How interesting — would love to have seen the bazar. I only know the C.R. Savage name as a photographer and as owner of a photography studio. Makes sense that he would deal in art, books, stationery, etc., though.
I liked this one, too, David. It’s a little busy, true, but still well designed, and entirely relevant to the type of business, unlike some of the grotesqueries we’ve seen.
Remember, too, that CRSavage was the moving force behind the Old Folks Day celebrations. He was also a missionary connected with the family of my favorite French-speaking Swiss convert, so I have pleasant Mormon-related memories whenever I see his name.
Comment by Ardis E. Parshall — February 3, 2014 @ 11:05 am
Ardis, I can’t help wondering who designs this kind of stationery … the customer? the printer? someone else?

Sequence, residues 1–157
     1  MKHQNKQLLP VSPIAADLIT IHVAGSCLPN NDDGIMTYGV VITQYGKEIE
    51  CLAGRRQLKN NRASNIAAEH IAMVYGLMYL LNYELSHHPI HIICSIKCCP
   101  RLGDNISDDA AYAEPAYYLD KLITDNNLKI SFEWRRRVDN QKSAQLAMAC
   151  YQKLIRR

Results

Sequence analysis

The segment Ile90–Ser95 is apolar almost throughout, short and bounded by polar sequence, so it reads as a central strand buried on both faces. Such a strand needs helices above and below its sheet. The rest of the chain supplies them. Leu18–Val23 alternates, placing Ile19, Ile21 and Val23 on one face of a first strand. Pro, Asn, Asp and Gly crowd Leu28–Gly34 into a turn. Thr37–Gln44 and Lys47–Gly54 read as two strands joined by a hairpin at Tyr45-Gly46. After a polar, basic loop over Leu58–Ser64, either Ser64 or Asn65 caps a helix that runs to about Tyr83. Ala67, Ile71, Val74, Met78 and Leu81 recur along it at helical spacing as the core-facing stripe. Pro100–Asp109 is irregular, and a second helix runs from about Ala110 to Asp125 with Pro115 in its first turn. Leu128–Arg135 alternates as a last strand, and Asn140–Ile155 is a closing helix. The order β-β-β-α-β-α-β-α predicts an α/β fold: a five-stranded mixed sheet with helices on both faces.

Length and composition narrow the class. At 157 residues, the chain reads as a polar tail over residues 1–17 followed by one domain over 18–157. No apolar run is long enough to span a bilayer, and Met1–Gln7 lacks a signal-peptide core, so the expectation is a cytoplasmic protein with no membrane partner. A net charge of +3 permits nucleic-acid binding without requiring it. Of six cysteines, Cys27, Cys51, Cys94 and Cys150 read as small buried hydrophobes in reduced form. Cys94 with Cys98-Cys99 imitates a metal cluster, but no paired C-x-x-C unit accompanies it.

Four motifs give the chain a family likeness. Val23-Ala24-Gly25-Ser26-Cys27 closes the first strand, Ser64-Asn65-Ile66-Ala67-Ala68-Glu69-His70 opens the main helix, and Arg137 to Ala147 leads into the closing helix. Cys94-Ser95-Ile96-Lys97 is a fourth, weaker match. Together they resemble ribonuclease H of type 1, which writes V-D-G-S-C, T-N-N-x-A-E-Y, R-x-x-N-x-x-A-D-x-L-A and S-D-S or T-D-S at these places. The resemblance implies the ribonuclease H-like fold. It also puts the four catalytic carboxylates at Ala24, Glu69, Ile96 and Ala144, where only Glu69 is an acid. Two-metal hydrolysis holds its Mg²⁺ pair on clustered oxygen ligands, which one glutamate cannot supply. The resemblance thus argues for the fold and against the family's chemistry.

Good question; I don’t know the answer. I suppose a printer might have some standard design elements and might give recommendations, while some customers would have a clear idea of what they wanted, especially if they had to provide photographs. But I don’t think I’ve ever seen any discussion of designing or ordering stationery.
Comment by Ardis E. Parshall — February 3, 2014 @ 2:41 pm
Though, come to think of it, maybe we have a clue in this one, since Savage sells stationery himself. If he sells more than standard, one-design-fits-anybody stationery, he must have designed, or helped to design, letterhead, including his own.
Comment by Ardis E. Parshall — February 3, 2014 @ 2:43 pm
Savage’s business partner was artist George M. Ottinger. I wonder if he had a hand in designing the stationary?
Love these letterhead posts!
Comment by Blueagleranch — February 4, 2014 @ 6:25 am